Rashid Sumaila is research chair at the Institute for the Oceans and Fisheries
October 5, 2021
A leading Canadian bioeconomics and marine ecosystem researcher will speak at the University of Rhode Island’s Honors Colloquium, “Sustaining Our Shores,” Tuesday, Oct. 19 at 7 p.m.
Rashid Sumaila is a professor and Canada Research Chair in Interdisciplinary Ocean and Fisheries Economics at the Institute for the Oceans and Fisheries, and the School of Public Policy and Global Affairs, University of British Columbia. He will discuss “Infinity Fish: Economics and the Future of Fish and Fisheries” in Edwards Hall. To watch the free, public lecture online, go to the colloquium schedule on the day of the event and click next to Sumaila’s name.
Due to the COVID-19 crisis, ALL attendees will be REQUIRED to show either a vaccination card OR university ID. Also, everyone attending will be required to be masked while inside the building. Attendees must register and obtain tickets in advance.
Sumaila’s research focuses on bioeconomics, marine ecosystem valuation and the analysis of global issues such as fisheries subsidies, marine protected areas, illegal fishing, climate change, marine plastic pollution, and oil spills. Sumaila has experience working in fisheries and natural resource projects in Norway, Canada and the North Atlantic region, Namibia and the Southern African region, Ghana and the West African region and Hong Kong and the South China Sea.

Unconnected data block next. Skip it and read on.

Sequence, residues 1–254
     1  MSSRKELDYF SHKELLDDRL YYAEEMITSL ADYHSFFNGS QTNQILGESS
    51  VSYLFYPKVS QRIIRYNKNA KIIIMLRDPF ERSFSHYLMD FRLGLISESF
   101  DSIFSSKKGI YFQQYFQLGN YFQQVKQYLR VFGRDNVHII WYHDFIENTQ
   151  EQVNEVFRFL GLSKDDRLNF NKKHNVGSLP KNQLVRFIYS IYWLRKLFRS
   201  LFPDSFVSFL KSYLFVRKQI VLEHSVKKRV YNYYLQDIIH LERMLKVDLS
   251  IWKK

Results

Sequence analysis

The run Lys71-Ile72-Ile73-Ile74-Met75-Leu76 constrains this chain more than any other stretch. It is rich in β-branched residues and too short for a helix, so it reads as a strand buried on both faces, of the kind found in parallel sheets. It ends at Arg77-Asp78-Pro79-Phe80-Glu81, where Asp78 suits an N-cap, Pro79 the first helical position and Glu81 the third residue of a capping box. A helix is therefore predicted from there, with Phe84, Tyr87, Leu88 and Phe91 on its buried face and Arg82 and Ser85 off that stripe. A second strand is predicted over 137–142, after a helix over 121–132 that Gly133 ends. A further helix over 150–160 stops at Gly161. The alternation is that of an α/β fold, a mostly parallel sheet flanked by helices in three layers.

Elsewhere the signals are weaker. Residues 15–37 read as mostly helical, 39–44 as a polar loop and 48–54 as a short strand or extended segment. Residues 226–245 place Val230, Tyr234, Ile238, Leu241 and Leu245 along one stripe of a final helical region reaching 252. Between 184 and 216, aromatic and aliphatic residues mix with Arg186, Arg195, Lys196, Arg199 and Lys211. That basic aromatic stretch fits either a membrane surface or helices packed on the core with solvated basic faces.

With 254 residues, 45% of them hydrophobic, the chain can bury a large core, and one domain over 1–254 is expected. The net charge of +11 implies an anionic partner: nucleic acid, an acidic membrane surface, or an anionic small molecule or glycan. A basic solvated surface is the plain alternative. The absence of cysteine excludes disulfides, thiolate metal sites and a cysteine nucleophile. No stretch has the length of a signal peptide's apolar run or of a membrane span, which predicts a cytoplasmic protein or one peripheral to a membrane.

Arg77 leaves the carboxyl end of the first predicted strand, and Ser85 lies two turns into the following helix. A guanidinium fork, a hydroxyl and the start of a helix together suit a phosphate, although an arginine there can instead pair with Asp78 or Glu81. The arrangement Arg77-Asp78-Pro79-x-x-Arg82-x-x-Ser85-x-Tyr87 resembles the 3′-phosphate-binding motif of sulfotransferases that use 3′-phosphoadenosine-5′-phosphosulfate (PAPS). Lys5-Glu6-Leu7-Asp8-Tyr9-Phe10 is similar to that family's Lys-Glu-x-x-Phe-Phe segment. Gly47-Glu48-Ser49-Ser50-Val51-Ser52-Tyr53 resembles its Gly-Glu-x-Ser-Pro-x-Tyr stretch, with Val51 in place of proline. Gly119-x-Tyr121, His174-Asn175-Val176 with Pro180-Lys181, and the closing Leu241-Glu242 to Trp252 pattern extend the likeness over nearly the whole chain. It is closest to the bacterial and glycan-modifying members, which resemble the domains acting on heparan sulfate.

Sumaila earned his Ph.D. in economics from the University of Bergen and bachelor of science degree in quantity surveying from the Ahmadu Bello University. He is widely published and cited. He won the 2017 Volvo Environment Prize and was named a Fellow of the Royal Society of Canada in 2019.
His interest in the environment started early in life when his grandfather used to say people should “walk as if the ground feels pain” – this is sophisticated environmentalism! His specific interest in ocean and fisheries was awakened in Norway. Sumaila enjoys exploring novel ideas and mentoring future thinkers. He wakes up each day thinking of how best to contribute to ensuring that the global community leaves a healthy ocean to its children.